The Corpse Flower
By Dianne Matthews
-- On June 8, 1937, a specimen of the world's largest flower bloomed in the United States at the New York Botanical Garden.
The giant Sumatran Titan Arum (Amorphophallus titanum) measured eight and a half feet high with a four-foot diameter.
Visitors were repelled by its putrid, rotting-corpse fragrance.
The plant is native to the Sumatran jungles of Indonesia, where it is called the "corpse flower."
The first Western botanist to find the Titan Arum was Dr. Odoardo Beccari of Italy. He sent his patron seeds and supervised their cultivation in Italy. From there, shipments of the "corpse flower" were sent to other countries.
Eve decided that the fruit from the tree of the knowledge of good and evil looked delicious and pretty, and would make her wise.
Genesis 3:6 says,
"When the woman saw that the fruit of the tree was good for food and pleasing to the eye, and also desirable for gaining wisdom, she took some and ate it." (NIV)
But when she and Adam disobeyed God's command, and ate from the forbidden tree, it was as if the fruit became "corpse fruit." For the first time, the stench of death and decay entered God's perfect garden. They were repelled by the results, and expelled from the garden.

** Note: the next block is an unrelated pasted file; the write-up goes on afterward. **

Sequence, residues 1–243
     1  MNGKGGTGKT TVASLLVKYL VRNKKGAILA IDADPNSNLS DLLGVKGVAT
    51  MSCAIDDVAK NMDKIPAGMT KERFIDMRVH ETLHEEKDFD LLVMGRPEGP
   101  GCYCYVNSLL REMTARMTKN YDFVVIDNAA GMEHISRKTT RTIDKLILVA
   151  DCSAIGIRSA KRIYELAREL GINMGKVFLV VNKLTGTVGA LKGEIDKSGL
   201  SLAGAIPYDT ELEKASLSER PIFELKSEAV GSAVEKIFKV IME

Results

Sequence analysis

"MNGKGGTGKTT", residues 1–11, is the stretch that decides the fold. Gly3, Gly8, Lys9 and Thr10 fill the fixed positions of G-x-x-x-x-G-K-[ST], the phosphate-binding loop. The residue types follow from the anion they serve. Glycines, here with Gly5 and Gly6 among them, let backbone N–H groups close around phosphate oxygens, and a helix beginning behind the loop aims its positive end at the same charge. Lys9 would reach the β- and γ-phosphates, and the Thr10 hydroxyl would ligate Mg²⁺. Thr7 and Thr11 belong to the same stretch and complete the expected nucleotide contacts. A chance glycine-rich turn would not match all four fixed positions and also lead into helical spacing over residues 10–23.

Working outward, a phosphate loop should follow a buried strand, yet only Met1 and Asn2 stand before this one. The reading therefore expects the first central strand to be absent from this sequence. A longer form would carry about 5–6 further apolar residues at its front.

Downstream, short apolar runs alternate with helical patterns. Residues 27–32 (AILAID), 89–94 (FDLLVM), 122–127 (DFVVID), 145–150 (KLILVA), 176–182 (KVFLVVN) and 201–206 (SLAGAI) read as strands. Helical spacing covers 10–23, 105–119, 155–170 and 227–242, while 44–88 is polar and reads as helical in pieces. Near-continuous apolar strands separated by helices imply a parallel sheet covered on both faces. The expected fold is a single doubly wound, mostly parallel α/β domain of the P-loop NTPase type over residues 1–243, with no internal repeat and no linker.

We play out that same scene anytime we give in to sin's pull. A habit seems harmless, an activity appears pleasurable, or a relationship looks attractive, so we ignore the Spirit's nudge that this is not in line with God's will.
Eventually what seemed harmless blooms into full-blown sin, with a putrid fragrance of death and destruction. The results may be the death of a dream or ministry, or even physical death.
We need to remember that just because a flower has a large, colorful bloom doesn't mean it smells good. And just because a decision looks harmless doesn't mean that we won't be repelled by the results.
This Devotion is taken from The One Year On This Day Devotion.
(Tyndale House Publishers)
© 2005 Dianne Neal Matthews
Dianne Neal Matthews’ publishing credits include magazine articles, Devotions, and newspaper features. Her work has won several awards, including the 2006 Writer of the Year Award at the Write-to-Publish Conference in Wheaton, Illinois. She and her husband, Richard, have been married thirty-two years and have three grown children and one granddaughter. Dianne is currently working on The One Year Women of the Bible Devotion scheduled for release by Tyndale in August 2007.
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